Startup MGZN

This Saudi startup connects you to any service you need, here’s how

Ever been in a helpless situation in which you needed to fix and sort out something but didn’t know how to? The kitchen sink broke, your in-laws call you up and decide to pay you a visit within an hour, your kids are lagging behind in maths and you don’t have the time to tutor them, and the list goes on. These mundane problems are bound to happen, they’re simply inescapable. What if we tell you that there’s a platform that helps you out with these kind of problems?

Yes, we’re serious, such a platform does exist: Serviis. It was launched at the end of 2016 by its Saudi founder Wafaa Al Ashwalii, where she was inspired to create a platform that helped lots of people get their unsolved business sorted out by connecting them to service providers.

Later on, she met Giacomo Zeini, a project manager at Al Muhaidib company, who seen became her founding partner and designs Serviis’s website remotely from Dubai. Soon after, two Italians, Vincenzo Bourconia and Alex Daly Quadri, who previously worked in the strategizing field joined Wafaa’s team.

How Serviis functions is that it serves as a mediator between customers searching for a particular service, and service providers searching for new customers. So if you’re an individual or a company looking for a graphic designer to make you a poster, then the website asks you to fill a form with a couple of questions related to the service you’re requesting. The order is then sent through Serviis to the service providers to prepare and send back their quotations to the client. Only the first five who send the quotation can directly communicate with the client. This motivates the service providers “to send the quotation faster,” explains Al Ashwali to Wamda.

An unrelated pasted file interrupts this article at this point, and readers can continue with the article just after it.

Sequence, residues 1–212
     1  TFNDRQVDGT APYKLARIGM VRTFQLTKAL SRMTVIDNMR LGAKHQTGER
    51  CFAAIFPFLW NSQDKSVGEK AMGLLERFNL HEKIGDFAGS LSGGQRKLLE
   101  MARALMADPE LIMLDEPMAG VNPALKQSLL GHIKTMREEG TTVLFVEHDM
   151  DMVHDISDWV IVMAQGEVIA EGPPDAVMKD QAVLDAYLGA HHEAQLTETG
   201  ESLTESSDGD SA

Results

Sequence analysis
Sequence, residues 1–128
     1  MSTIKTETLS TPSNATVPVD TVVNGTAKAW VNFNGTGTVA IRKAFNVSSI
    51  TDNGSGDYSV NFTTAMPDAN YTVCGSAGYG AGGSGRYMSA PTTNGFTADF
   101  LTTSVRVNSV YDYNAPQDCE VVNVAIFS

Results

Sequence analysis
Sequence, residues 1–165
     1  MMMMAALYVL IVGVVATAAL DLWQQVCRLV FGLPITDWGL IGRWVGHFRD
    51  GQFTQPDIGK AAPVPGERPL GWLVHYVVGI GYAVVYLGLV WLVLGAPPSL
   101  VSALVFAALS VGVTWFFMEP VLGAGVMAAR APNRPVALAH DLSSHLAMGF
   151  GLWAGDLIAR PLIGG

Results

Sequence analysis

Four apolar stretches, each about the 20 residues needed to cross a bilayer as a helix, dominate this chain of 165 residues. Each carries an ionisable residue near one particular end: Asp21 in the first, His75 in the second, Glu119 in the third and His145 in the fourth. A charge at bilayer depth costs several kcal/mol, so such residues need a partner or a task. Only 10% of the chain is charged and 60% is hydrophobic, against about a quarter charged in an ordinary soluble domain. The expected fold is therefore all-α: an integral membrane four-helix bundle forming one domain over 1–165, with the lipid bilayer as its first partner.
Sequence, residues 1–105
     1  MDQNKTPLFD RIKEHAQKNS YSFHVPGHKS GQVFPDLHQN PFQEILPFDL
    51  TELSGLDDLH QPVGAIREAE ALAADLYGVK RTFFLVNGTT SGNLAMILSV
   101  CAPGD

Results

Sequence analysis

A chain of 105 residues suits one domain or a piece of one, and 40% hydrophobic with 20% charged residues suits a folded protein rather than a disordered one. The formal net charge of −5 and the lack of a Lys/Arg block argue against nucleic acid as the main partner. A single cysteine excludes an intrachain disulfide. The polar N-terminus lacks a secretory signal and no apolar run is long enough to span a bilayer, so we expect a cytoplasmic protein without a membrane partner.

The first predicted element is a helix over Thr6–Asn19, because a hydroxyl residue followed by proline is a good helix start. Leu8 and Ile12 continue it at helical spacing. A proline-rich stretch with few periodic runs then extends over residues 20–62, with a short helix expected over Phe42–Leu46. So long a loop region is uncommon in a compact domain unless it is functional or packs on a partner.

After the customer receives the quotation and a review about each service provider, they are free to choose whichever service provider they prefer.

Seviis can be used for free, however, service providers who sign up to it must pay between one and five points to the platform in order to communicate with the customer. Service providers already get 15 free points when they sign up, and they can purchase three points for around 15 Saudi riyals. The more points service providers buy, the fewer points it costs.  

According to Al Ashwali, this method encourages service providers to contact and communicate with the customer after they send them a quotation.

You can access Serviss online and even download their app on Apple Store and Google Play.

Bayan Al-A'abed